In those sometimes accurate heat-seeking option markets, it appears there’s still at least one or more bears which see Hewlett Packard (HPQ) as having its work cut out for it despite the announcement of ex eBay head Meg Whitman coming on board as Chief for the struggling computer hardware outfit that’s looking to move beyond its namesake PC business.
During Friday’s chink in the armor to “buying the rumor and selling the news” and shares dropping about 4.25% to fresh yearly lows, a couple large blocks totaling 17,000 in both the January 24 and 31 calls for about $1.45 suggests a bear spread initiation. With shares at 21.85, the trader(s) will stand to make the entire credit if shares stay below 24 come expiration, breakeven around 25.45 and stand to lose nearly $5.50 above 31 if HPQ somehow managed to aggressively change course as it enters into a new calendar year.
Why a bear and not a bull? The guesstimate from this trader is the premium received for selling the 31 call, which amounts to $0.35 or so per contract with the 24s trading for $1.80, isn’t much of an offset to the debit. As much and not particularly attractive to the bull spread, it is nonetheless something a market maker or a large firm would be willing to take on in the normal course of their obligations in providing customer liquidity.
Further, for the buyer of the 31 call and hence a seller of the bear spread, the protection, albeit loose at 7 points or roughly 32% of the current share price, does still serve the purpose of acting as very real protection. The long call also frees up margin since the trader has a limited risk vertical versus maybe originally looking at a naked call sale on the 24 strike.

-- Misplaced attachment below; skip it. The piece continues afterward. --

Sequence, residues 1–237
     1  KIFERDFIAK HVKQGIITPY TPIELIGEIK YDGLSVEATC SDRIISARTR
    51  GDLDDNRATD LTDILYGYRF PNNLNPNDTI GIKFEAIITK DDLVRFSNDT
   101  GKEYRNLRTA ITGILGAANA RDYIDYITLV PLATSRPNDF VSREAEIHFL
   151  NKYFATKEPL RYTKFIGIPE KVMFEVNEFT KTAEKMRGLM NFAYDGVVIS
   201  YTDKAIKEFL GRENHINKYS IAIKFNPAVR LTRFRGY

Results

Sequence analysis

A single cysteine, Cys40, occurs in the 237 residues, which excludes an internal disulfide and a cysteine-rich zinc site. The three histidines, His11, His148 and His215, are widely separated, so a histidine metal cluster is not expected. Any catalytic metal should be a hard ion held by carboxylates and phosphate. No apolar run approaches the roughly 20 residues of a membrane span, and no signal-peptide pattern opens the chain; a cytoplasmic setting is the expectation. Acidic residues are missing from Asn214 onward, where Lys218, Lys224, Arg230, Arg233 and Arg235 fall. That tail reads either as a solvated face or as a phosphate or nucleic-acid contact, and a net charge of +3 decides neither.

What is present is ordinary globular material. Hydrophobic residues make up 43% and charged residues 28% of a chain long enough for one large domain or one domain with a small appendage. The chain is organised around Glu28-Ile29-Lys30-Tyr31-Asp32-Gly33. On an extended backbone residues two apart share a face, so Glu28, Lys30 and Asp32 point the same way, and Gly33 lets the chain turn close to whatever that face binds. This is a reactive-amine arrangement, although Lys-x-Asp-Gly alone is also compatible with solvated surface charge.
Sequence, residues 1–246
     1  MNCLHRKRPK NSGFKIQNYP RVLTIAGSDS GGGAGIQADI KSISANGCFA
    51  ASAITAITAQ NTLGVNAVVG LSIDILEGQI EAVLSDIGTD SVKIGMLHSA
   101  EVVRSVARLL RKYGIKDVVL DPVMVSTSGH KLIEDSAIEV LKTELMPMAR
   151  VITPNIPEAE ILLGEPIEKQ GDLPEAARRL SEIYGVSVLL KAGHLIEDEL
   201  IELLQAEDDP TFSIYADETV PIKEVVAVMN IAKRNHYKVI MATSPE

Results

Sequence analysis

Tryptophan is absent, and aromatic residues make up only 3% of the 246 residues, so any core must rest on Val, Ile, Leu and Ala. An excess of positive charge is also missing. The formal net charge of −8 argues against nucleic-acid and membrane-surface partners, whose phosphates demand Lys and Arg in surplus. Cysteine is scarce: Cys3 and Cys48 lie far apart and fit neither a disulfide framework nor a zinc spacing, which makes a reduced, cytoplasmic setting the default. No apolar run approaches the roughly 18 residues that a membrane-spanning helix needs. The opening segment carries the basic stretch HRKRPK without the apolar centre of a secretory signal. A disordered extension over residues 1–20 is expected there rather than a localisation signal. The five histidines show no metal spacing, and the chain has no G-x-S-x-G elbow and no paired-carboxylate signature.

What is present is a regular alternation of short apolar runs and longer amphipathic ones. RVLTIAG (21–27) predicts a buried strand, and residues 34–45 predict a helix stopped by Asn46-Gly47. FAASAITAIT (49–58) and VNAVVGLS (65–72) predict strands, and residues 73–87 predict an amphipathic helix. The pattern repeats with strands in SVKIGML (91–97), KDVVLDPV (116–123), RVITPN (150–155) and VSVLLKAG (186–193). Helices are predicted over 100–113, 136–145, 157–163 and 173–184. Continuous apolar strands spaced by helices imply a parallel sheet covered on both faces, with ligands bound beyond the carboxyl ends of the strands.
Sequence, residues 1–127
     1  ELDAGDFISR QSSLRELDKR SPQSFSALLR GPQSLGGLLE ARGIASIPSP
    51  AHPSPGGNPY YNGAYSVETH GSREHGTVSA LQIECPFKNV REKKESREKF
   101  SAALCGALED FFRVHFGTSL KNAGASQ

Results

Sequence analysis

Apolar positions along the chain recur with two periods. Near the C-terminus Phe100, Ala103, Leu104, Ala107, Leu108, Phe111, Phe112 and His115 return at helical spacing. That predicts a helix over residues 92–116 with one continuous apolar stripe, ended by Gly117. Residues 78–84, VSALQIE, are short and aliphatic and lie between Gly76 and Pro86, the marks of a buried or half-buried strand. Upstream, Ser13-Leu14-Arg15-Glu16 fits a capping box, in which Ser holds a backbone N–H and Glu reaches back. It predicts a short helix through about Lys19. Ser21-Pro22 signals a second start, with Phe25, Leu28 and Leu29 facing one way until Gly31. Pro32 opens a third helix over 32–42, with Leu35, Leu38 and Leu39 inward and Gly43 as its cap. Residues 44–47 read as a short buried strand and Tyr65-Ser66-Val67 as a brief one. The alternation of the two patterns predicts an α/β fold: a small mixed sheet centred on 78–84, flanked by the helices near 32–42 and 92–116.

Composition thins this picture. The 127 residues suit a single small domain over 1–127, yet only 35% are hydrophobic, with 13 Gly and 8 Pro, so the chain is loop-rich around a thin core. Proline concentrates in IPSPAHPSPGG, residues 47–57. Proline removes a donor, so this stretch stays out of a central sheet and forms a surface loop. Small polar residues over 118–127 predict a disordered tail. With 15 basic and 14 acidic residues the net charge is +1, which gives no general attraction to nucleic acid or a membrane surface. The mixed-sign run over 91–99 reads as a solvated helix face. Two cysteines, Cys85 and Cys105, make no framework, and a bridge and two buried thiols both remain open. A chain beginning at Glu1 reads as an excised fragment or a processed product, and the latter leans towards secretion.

Figure 1: Hewlett (HPQ) Risk Comparison
Another alternative position is to incorporate the bear spread against long stock using maybe a delta neutral ratio of shares or one-to-one against the contract count. Shown above in Figure 1 is a scaled down comparison of a bear vertical versus a long stock / bear vertical position on 17 contracts and 1700 shares.
In using a bear vertical against long stock a would-be buy-writer is giving up a small amount of premium above 24 by purchasing the 31 call but allowing themselves to show even larger profits above 31 since the position is net long deltas and contracts due to the stock position. What’s the reality of a move through 31 by January expiration for shares of HPQ? Probably not very good in our opinion, but wilder things have been known to occur in the market. And for a difference of $0.35; this latter option may not have been overlooked by Friday’s unknown hedge hog of some sort.
Senior Options Writer, former Market Maker & fulltime Option Hedge Hog Advocate
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